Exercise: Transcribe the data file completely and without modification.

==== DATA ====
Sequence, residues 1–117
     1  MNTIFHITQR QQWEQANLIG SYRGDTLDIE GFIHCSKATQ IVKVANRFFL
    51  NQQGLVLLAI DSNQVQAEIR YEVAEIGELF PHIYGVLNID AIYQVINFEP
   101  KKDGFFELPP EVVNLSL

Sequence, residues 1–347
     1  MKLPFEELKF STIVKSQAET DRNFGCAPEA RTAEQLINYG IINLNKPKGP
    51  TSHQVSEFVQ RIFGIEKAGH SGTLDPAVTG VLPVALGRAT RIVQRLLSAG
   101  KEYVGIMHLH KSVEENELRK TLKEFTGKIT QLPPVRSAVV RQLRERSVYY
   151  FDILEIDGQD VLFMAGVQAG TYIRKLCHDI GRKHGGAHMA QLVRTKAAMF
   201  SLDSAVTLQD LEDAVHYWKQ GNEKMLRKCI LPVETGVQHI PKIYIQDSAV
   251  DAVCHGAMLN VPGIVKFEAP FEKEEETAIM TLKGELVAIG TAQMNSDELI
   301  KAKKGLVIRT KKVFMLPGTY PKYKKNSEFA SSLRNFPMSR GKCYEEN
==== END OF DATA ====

Sequence, residues 1–117
     1  MNTIFHITQR QQWEQANLIG SYRGDTLDIE GFIHCSKATQ IVKVANRFFL
    51  NQQGLVLLAI DSNQVQAEIR YEVAEIGELF PHIYGVLNID AIYQVINFEP
   101  KKDGFFELPP EVVNLSL

Sequence, residues 1–347
     1  MKLPFEELKF STIVKSQAET DRNFGCAPEA RTAEQLINYG IINLNKPKGP
    51  TSHQVSEFVQ RIFGIEKAGH SGTLDPAVTG VLPVALGRAT RIVQRLLSAG
   101  KEYVGIMHLH KSVEENELRK TLKEFTGKIT QLPPVRSAVV RQLRERSVYY
   151  FDILEIDGQD VLFMAGVQAG TYIRKLCHDI GRKHGGAHMA QLVRTKAAMF
   201  SLDSAVTLQD LEDAVHYWKQ GNEKMLRKCI LPVETGVQHI PKIYIQDSAV
   251  DAVCHGAMLN VPGIVKFEAP FEKEEETAIM TLKGELVAIG TAQMNSDELI
   301  KAKKGLVIRT KKVFMLPGTY PKYKKNSEFA SSLRNFPMSR GKCYEEN